|25||Garcia, et al, "Issues in Multimedia Computer-Based Message Systems Design and Standardization," NATO ASI Series, vol. 1-6, 1984, 18 pgs.|
|26||Internet web page, "Wildfire Communications, Inc.", Nov. 5, 1997, including the following URL addresses: http://www.wildfire.com (1 pg).|
|27||Judith Markowitz, "The ultimate computer input device may be right under your nose," Byte, Dec. 1995, pp. 1-13, available at www.byte.com/art/9512/sec8/art1.htm (accessed Mar. 15, 2005).|
|28||LY, "Chatter: A Conversational Telephone Agent," submitted to Program in Media Arts & Sciences, MIT, 1993, pp. 1-130.|
|29||Maeda, et al., "An Intelligent Customer-Controlled Switching System," IEEE Global Telecommunications Conference, Hollywood, Florida, No. 28-Dec. 1, 1988, pp. 1499-1503.|
|30||Marco Sartori, "Speech Recognition," Apr. 1995, pp. 1-9, Mercury Communications, available at www.gare.co.uk/technology<SUB>-</SUB>watch/speech.htm(accessed Mar. 15, 2005).|
|31||Matt Marx & Chris Schmandt, "Mail Call: Message Presentation and Navigation in a Nonvisual Environment," Common Ground CHI 96 Conference Proceedings, pp. 165-167, Association for Computing Machinery (ACM), New York, NY, USA. It has been represented to Applicant that these conference proceedings were made available through ACM no later than Apr. 13, 1996.|
|32||Matt Marx & Chris Schmandt, "Mail Call: Message Presentation and Navigation in a Nonvisual Environment," SIGCHI Conference on Human Factors in Computing Systems, Vancouver, B.C., Canada, Apr. 13-18, 1996. As shown on Attachment 2, the web site http://www.usabilityviews.com/uv001673.html shows a date of Apr. 16, 1996. The distribution date is not presently known.|
|33||Matthew Talin Marx, "Toward Effective Conversational Messaging" (Thesis), As stamped on the cover page, the thesis was received by the Massachusetts Institute of Technology Libraries on July 6, 1995.|
|34||Matthew Talin Marx, "Toward Effective Conversational Messaging" (Thesis). As indicated on the cover page, the thesis was presented to the Departmental Committee on Graduate Students, Program in Media Arts and Sciences, School of Architecture and Planning, Massachusetts Institute of Technology on May 12, 1995. According to the web site http://www.theses.mit.edu/Dienst/Repository/2.0/Body/0018.mit.theses/1995-314/rfc1807bib, attached hereto as Attachment 1, the thesis was indexed on Mar. 21, 2000.|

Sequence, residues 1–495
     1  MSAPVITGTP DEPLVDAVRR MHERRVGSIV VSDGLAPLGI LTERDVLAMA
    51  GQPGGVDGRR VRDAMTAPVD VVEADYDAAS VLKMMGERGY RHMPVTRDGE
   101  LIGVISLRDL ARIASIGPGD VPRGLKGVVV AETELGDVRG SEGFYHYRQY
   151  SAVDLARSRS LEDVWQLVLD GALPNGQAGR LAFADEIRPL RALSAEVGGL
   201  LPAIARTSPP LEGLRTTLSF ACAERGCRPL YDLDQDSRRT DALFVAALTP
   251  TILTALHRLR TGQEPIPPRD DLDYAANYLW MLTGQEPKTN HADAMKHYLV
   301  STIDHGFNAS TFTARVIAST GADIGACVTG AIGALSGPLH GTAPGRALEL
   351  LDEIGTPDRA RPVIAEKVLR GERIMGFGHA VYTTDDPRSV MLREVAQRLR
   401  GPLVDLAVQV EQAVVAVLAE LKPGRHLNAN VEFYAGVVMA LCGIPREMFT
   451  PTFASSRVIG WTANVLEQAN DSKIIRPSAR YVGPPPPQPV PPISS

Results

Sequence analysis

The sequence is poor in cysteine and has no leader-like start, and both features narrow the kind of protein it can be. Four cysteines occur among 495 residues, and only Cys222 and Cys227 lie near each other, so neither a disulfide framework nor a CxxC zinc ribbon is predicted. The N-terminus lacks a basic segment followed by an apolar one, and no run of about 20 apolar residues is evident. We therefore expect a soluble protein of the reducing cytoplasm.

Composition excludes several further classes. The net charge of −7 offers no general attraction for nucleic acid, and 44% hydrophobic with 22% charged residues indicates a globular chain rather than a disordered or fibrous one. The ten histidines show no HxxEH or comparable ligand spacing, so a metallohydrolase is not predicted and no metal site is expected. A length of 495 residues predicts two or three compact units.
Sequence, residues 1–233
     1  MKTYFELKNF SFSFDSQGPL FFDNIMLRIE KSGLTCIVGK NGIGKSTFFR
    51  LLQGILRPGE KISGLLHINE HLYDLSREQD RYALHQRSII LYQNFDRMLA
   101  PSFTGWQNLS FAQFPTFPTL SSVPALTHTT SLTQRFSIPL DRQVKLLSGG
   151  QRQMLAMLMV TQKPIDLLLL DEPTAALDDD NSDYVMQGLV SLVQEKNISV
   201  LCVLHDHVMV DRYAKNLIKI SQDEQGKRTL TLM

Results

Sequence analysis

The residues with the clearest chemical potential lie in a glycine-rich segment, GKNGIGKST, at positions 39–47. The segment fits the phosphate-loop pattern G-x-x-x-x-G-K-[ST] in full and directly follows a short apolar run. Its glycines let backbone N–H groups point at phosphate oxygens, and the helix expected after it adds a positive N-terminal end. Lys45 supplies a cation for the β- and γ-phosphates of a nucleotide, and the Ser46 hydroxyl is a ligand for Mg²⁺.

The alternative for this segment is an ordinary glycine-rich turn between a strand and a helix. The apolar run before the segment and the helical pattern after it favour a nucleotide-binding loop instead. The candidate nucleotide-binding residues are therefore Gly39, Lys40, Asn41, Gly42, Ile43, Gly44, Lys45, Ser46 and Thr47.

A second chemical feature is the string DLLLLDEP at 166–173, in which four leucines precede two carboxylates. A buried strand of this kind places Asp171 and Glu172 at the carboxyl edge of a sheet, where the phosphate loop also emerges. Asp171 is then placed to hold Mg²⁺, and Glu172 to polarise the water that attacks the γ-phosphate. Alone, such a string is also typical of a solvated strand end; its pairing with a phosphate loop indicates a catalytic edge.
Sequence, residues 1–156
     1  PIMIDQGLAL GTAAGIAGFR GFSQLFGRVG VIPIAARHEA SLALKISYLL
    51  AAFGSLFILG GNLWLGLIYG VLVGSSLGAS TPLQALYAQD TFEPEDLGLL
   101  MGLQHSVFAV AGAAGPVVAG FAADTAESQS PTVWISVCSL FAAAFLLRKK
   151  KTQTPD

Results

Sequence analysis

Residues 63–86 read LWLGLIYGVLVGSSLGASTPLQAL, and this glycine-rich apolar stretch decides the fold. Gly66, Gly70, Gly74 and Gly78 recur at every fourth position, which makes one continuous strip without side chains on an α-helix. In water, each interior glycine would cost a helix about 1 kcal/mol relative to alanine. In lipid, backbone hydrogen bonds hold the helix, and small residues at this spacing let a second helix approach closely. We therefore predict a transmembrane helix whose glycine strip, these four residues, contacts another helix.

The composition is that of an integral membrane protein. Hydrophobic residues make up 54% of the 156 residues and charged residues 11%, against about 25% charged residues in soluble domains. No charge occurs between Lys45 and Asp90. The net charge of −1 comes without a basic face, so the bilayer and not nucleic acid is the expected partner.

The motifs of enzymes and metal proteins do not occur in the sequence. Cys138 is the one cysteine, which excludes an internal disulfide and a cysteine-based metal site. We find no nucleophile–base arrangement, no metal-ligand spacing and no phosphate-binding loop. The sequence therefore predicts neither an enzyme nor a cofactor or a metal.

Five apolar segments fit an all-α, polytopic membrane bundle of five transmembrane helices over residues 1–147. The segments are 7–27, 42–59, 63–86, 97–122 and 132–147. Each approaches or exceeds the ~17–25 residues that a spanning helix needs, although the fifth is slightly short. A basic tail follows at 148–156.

|35||Phil Oye, "Juggler," p. 1, available at http://www.philoye.com/work/juggler/index.shtml (accessed on Dec. 8, 2006).|
|36||Phil Oye, "Juggler," p. 1, available at http://www.philoye.com/work/juggler/juggler<SUB>-</SUB>2.shtml (accessed on Dec. 8, 2006).|
|37||Phil Oye, "Juggler," p. 1, available at http://www.philoye.com/work/juggler/juggler<SUB>-</SUB>3.shtml (accessed on Dec. 8, 2006).|
|38||Plaintiff Parus Holdings, Inc.'s Supplemental Responses to Defendant Web Telephony LLC's First Set of Interrogatories (Nos. 1-12), Parus Holdings, Inc. v. Web Telephony LLC & Robert Swartz, Case No. 06-cv-01146 (N.D. III.), Oct. 31, 2006, 32 pages.|
|39||Plaintiff Parus Holdings, Inc.'s Supplemental Responses to Defendant Web Telephony LLC's Second Set of Interrogatories (Nos. 13-17), Parus Holdings, Inc. v. Web Telephony LLC & Robert Swartz, Case No. 06-cv-01146 (N.D. III.), Oct. 31, 2006, 31 pages.|
|40||Printout of Wildfire Communications, Inc. web page entitled "About the Wildfire Communications, Inc.", printed on Nov. 5, 1997, accessed at http://www.wildfire.com/about.html, 1 page.|
|41||Printout of Wildfire Communications, Inc. web page entitled "About Wildfire Communications, Inc.'s Management", printed on Nov. 5, 1997, accessed at http://www.wildfire.com/abtmgmt.html, 3 pages.|
|42||Printout of Wildfire Communications, Inc. web page entitled "Intel", printed on Nov. 5, 1997, accessed at http://www.wildfire.com/intel.html, 1 page.|